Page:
35 Advantages of multi-photon excitation With a single-photon source excitation occurs throughout the beam profile With a two-photon source excitation events are limited to the beam focus Focal point restriction of excitation automatically provides 3-dimensionally resolved submicron information Photodamage is restricted to the focal plane Not necessarily to refocus the fluorescence through an aperture –Simpler, more efficient optical detection design –Scattering in thick specimens degrades signal to a smaller extent UV absorbing molecules can be excited using practical visible/NIR wavelength ranges

36 Second Harmonic Generation (SHG) SHG can be thought off as the scattering equivalent of two-photon excited fluorescence The emitted photons are at exactly half of the wavelength of the incident radiation (as excitation  changes, emitted SHG signal also changes) The SHG signal is phase matched to the incident radiation and it is emitted in a highly directional fashion, which depends on the size, shape and refractive index of the scatterers. (fluorescence is incoherent and isotropic)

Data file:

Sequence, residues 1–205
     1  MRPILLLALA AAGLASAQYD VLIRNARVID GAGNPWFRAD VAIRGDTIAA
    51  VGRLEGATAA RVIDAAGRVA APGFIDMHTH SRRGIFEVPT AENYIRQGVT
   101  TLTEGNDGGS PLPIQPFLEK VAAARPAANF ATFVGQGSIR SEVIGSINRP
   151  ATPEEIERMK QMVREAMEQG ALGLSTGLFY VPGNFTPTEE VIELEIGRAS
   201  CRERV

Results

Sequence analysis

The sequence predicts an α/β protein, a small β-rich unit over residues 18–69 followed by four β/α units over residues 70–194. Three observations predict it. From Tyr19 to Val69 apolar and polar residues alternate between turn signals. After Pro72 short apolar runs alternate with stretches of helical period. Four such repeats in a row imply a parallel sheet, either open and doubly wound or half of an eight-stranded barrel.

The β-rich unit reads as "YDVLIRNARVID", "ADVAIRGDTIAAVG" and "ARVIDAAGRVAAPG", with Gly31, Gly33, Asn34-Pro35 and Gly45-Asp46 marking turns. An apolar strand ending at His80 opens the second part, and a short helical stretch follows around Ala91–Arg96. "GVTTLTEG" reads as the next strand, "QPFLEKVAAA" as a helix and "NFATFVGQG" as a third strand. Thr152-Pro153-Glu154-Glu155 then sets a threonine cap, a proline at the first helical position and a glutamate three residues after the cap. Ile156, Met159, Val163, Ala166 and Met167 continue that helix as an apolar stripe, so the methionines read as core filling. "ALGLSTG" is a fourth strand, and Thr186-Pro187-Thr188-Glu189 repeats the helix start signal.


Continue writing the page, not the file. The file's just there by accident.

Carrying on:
37 Instrumentation

38 Multi-photon imaging is the method of choice for looking at endogenous fluorescence in thick biological specimens Two-photon excited fluorescence (TPEF) is particularly useful in imaging of endogenous weak fluorescence Second harmonic generation (SHG) yields excellent intrinsic contrast for imaging of asymmetric molecules, such as collagen

39 4-Pi, two-photon fluorescence microscopy Combines localized excitation with coherent fluorescence detection to beat resolution limit Resolution achieved 80 nm Mitochondrial network of a live yeast cell Gugel et al. Biophys J 2004; 87:4146-4152